We care about your data, and we'd like to use cookies to give you a smooth browsing experience. Please agree and read more about our privacy policy.

What's up in

By showing that even large objects can exhibit bizarre quantum behaviors, physicists hope to illuminate the mystery of quantum collapse, identify the quantum nature of gravity, and perhaps even make Schrödinger’s cat a reality.

The Standard Model is a sweeping equation that has correctly predicted the results of virtually every experiment ever conducted, as Quanta explores in a new video.

Even in an incomplete state, quantum field theory is the most successful physical theory ever discovered. Nathan Seiberg, one of its leading architects, talks about the gaps in QFT and how mathematicians could fill them.

In three towering papers, a team of mathematicians has worked out the details of Liouville quantum field theory, a two-dimensional model of quantum gravity.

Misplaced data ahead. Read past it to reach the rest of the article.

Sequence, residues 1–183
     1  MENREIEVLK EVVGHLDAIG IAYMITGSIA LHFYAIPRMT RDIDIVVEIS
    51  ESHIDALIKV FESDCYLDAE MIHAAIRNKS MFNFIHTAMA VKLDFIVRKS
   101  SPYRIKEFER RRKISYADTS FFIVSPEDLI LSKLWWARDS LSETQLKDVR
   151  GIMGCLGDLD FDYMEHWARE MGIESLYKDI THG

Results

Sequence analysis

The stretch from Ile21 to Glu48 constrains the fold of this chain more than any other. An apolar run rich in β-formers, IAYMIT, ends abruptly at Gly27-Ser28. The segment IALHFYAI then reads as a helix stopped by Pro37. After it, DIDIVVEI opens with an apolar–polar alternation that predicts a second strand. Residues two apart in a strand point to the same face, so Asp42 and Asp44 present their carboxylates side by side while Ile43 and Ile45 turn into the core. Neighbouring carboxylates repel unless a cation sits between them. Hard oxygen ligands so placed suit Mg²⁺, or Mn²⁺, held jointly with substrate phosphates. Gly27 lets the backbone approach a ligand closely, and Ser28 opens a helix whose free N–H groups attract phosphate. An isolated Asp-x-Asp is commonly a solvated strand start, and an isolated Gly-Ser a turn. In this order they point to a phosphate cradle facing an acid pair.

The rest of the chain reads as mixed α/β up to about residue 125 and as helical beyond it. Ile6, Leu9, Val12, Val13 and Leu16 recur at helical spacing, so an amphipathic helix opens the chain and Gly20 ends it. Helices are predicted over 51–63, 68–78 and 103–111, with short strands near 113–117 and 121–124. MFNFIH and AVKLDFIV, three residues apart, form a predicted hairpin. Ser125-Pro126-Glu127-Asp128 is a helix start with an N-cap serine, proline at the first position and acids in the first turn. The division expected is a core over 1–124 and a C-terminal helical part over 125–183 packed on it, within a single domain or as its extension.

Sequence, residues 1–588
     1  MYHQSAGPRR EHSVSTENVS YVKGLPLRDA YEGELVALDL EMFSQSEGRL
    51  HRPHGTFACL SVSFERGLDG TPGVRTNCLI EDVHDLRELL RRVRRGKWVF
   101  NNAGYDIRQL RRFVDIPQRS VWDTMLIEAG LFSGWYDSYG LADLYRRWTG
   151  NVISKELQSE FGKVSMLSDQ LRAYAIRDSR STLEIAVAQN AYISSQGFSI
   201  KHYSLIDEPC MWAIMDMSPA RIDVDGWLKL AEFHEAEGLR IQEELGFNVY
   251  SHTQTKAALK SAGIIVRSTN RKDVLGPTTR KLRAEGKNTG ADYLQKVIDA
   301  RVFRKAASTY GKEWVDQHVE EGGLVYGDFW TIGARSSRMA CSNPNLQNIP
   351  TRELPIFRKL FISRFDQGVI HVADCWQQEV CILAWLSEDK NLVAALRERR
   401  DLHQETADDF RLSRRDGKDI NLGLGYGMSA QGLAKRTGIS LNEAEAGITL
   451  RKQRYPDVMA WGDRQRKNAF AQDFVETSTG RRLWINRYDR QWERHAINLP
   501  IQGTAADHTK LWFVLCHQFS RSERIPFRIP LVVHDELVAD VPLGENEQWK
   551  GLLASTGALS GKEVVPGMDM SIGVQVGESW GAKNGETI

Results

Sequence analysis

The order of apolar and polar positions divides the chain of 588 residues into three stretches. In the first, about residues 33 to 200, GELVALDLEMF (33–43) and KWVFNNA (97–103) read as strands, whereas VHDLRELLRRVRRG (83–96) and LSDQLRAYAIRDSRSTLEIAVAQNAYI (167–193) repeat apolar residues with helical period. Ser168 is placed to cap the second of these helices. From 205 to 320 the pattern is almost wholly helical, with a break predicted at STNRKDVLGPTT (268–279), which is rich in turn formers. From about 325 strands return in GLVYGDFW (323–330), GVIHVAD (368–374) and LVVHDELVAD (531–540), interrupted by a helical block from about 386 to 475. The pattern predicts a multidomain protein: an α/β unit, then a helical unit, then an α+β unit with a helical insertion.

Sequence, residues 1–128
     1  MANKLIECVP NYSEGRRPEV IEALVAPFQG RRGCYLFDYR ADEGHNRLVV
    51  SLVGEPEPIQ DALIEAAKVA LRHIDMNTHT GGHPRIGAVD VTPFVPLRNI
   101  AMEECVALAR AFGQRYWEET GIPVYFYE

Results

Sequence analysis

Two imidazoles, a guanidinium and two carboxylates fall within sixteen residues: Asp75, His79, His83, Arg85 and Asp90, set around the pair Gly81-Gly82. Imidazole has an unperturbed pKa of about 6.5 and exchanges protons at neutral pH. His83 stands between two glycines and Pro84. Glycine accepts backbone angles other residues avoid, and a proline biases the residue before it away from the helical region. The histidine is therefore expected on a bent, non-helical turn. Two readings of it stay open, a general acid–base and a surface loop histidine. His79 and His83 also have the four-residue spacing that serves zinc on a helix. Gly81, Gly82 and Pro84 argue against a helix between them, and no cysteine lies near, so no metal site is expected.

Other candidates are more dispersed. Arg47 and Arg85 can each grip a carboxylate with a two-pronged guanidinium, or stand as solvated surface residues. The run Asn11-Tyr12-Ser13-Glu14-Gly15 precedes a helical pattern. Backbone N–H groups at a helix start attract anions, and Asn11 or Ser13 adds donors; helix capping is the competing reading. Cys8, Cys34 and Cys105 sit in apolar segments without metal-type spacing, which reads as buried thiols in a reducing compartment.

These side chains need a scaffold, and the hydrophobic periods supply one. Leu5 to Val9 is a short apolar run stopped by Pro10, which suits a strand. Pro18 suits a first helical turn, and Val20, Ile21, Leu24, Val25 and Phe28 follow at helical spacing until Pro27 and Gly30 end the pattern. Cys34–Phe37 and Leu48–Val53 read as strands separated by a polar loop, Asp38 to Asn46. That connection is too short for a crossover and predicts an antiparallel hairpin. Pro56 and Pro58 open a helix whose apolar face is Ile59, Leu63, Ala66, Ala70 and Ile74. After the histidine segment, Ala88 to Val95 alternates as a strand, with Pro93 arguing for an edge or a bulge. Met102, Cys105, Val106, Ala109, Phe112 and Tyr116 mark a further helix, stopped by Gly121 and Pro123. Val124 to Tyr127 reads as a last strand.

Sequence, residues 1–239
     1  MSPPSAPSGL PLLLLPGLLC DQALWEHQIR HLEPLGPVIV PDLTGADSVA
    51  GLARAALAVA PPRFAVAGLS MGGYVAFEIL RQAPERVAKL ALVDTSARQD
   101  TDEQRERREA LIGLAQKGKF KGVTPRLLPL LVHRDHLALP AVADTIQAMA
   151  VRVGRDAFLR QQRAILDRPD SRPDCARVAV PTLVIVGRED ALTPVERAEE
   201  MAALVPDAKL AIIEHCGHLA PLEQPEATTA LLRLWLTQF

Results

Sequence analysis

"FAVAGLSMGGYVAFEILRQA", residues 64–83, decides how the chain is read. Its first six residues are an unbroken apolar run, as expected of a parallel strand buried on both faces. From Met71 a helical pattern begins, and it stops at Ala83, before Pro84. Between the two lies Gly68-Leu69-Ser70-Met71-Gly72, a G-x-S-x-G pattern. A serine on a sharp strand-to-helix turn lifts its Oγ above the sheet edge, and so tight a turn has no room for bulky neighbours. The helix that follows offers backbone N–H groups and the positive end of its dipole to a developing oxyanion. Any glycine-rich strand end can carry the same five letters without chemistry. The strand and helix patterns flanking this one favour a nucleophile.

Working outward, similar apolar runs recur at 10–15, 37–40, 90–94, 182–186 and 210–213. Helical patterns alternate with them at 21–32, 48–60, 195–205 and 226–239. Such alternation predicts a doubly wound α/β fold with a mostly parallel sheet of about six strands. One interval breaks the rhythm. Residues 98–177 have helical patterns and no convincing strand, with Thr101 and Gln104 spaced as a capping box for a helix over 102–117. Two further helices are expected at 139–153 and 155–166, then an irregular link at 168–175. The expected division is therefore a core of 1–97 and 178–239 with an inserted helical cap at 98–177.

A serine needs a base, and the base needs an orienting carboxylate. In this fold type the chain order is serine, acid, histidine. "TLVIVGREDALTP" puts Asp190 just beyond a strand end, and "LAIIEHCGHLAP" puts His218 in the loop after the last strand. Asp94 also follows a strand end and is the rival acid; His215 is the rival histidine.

The accelerating effort to understand the mathematics of quantum field theory will have profound consequences for both math and physics.

Spurred on by quantum experiments that scramble the ordering of causes and their effects, some physicists are figuring out how to abandon causality altogether.

It has been thought of as many things: a pointlike object, an excitation of a field, a speck of pure math that has cut into reality. But never has physicists’ conception of a particle changed more than it is changing now.

In a landmark series of calculations, physicists have proved that black holes can shed information.

Claudia de Rham showed how theories of “massive gravity” could potentially get rid of the need for dark energy.